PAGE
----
COVID-19 and the wider determinants of wellbeing

Brendan Bonner, Assistant Director at the Public Health Agency, explores the determinants of wellbeing and the protective role they can play against the virus and its effects on communities. To view our complete series of COVID-19 blogs, click here.

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Many reviews of the COVID-19 pandemic will explore individual health and clinical factors, especially with those who were affected by or died from COVID-19. 

Our built environment and the movement of people is a key factor in the spread of COVID-19. The delay between viral infection and the development of easily detectable symptoms has made the spread impossible to control through traditional infection control measures.

Social distancing is an unprecedented strategy by government to stop the spread of COVID-19. In the future, we will see the design of communities, cities and landscapes that enable people to move around much more freely and with reduced risk of disease transmission. Consider active travel and town planning that facilitates it. During a pandemic like COVID-19, we no longer consider our transport system as safe as before, due to passenger proximity and overcrowding, but neither can we revert back to car dependence, without expecting a negative impact upon physical fitness, obesity and diabetes, fossil fuel consumption and carbon emissions.

The concept of sustainable homes has changed already in these early months of COVID-19. Our homes have become very different. They have become multifunctional assets as opposed to places where we ‘just live’.  In future we will want to ensure homes within which we can live, work, play and learn. 

An anticipated outcome from social distancing is the impact on air quality, which may impact on heart attacks, asthma and other conditions potentially affected by air pollution. Indeed social distancing may have unintended but beneficial consequences to those with existing respiratory conditions, leaving them less vulnerable to the clinical effects of COVID-19.

Digital technologies have come to the fore in public health during this pandemic, but there is still much room for development. Real-time health surveillance, digital testing and delivery of support interventions have already been stepped up in the response to COVID-19.  Future proofing public health, and indeed pandemic proofing it, will require significant imagination and much faster development of technology.

Well-publicised scenes of food stockpiling and of empty supermarket shelves are a key challenge we need to explore. On one hand the value of breastfeeding is even more increased than usual, offering a natural source of nutrition for babies that is not at the mercy of the food supply chain. On the other hand, we need to learn about the challenges that supply chain issues present in terms of food poverty, healthy diet, nutrition and obesity. How do we support healthy diet when farm workers in rural areas have not been able to get access to the land and when food production plants have had to close or reduce their output?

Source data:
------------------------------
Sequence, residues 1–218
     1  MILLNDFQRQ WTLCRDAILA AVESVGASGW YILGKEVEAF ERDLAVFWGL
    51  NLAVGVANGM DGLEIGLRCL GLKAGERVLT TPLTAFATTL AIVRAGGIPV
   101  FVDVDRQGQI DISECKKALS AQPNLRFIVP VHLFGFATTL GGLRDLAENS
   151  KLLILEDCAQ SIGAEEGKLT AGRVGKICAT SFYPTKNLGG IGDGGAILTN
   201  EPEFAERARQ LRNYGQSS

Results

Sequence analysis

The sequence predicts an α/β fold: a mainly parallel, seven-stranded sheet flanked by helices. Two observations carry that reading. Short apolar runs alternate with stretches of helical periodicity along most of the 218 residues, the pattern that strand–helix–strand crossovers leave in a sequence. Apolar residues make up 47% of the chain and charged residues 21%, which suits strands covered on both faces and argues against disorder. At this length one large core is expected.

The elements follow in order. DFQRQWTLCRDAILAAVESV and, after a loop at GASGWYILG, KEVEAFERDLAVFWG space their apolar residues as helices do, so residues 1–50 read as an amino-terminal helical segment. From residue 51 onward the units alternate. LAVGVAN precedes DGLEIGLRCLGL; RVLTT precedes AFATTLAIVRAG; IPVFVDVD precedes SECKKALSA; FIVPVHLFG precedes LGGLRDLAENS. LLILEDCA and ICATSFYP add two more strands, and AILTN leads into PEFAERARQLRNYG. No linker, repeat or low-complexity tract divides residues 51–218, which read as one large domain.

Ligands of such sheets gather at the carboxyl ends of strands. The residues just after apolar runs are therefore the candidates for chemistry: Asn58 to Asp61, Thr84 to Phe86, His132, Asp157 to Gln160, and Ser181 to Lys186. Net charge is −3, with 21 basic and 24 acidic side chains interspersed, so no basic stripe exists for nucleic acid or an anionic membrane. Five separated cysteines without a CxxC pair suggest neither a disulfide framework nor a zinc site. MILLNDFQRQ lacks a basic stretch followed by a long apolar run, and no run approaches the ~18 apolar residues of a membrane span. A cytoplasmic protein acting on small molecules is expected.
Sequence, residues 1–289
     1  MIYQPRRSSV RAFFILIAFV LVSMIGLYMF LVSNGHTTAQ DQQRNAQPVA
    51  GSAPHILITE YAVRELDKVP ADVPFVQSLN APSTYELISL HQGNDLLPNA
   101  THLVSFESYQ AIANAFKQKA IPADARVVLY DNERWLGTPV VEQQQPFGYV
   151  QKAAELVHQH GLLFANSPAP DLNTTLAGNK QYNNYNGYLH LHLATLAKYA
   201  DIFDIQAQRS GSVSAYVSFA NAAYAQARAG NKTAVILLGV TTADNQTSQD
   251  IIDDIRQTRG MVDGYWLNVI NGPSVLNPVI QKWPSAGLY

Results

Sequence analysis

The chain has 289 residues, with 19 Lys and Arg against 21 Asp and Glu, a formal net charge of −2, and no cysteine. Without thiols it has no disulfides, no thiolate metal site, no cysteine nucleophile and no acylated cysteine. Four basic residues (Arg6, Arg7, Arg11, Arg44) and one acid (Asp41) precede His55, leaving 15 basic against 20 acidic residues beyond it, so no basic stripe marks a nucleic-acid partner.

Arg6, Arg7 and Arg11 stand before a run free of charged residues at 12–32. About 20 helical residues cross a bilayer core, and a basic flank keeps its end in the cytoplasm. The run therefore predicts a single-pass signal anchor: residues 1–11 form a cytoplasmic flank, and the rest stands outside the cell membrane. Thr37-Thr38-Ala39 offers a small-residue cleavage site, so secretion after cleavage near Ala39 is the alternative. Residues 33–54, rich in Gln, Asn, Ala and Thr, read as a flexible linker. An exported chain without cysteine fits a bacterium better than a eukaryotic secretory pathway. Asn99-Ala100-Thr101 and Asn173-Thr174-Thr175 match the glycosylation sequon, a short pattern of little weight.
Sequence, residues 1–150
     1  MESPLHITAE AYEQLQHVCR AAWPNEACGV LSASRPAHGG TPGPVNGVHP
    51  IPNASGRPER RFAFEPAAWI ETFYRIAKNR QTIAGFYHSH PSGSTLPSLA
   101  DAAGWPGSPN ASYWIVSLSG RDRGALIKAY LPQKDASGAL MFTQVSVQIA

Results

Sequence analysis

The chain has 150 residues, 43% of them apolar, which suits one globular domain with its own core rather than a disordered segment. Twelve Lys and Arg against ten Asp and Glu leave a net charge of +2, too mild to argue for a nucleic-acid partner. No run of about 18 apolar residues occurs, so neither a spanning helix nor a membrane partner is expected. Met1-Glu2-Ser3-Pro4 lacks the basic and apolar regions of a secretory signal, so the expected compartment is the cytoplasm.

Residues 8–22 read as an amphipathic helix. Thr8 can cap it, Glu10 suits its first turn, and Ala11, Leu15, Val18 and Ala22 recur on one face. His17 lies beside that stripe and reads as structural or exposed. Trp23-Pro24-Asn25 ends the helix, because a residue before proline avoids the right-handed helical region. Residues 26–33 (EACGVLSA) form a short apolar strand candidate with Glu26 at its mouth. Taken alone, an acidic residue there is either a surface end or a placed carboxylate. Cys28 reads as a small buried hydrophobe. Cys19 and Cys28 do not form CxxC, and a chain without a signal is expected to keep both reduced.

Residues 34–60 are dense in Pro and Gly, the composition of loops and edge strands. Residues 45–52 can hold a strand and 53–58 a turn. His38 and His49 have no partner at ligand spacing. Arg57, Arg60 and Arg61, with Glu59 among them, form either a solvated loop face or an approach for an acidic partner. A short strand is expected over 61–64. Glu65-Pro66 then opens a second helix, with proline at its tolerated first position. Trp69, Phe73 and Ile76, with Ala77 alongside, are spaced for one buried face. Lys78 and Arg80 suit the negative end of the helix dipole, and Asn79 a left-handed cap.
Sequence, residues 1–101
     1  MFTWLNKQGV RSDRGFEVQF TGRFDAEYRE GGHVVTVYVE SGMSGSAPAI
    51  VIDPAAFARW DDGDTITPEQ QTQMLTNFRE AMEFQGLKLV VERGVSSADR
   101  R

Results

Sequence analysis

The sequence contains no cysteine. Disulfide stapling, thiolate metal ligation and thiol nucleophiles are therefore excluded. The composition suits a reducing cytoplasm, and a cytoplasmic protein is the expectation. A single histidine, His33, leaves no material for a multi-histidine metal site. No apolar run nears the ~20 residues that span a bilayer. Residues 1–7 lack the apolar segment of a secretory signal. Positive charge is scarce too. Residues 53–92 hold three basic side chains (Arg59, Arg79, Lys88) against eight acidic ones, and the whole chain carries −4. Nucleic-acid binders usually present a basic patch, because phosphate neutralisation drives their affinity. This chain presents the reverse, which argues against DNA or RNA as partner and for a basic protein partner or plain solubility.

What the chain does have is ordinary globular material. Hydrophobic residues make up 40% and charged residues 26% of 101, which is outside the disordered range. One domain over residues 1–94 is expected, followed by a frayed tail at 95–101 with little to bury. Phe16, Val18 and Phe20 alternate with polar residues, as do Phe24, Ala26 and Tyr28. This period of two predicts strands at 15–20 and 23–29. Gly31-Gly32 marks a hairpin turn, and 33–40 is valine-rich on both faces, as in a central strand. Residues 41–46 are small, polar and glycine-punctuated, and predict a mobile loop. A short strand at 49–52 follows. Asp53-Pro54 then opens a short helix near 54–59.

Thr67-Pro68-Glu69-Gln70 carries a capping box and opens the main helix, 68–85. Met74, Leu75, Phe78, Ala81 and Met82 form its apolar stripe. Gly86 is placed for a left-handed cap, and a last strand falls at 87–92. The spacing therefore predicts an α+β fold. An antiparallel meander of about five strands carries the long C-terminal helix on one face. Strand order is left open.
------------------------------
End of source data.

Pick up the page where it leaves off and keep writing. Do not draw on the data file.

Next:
Work and education have dramatically changed in a matter of weeks. We have a whole-population opportunity to look at flexible working arrangements that can benefit families, volunteers and the environment. Our houses are currently a testbed for new ways to facilitate our children’s learning and to further develop home-school partnership.

Economic pressures presented early in this pandemic and in its recovery period, the full economic fallout will become clear. There is a risk of widening existing inequalities.  During the global financial crisis of 2008, those who suffered the greatest were those who had already been experiencing inequalities. We have a duty to protect the most vulnerable from any COVID-19 economic downturn or austerity. 

We may see a further shift in demographics. We had been experiencing an ageing population but the virus has been particularly severe on older people. There may also be a baby boom in late 2020/early 2021, creating good news for many families (but not all) and putting a different pressure on health and social care, in particular our maternity and paediatric services.

The good news continues in that we will move out of crisis. We will return to a different sense of community and physical connectedness. We have experienced the positive contribution that digital technology can make in helping us keep connected during social distancing. In line with the 5 ways to wellbeing the importance of connection will remain and we will not rely so much on digital technology, but value its support for those who are physical further away from us. 

Coronavirus has already provided new opportunities and challenges for public health. We have a duty to capitalise on the evolution of our knowledge, applied learning, improved technologies and data sources and to ensure that “Out of adversity comes opportunity” (Benjamin Franklin).

To view our complete series of COVID-19 blogs, click here.

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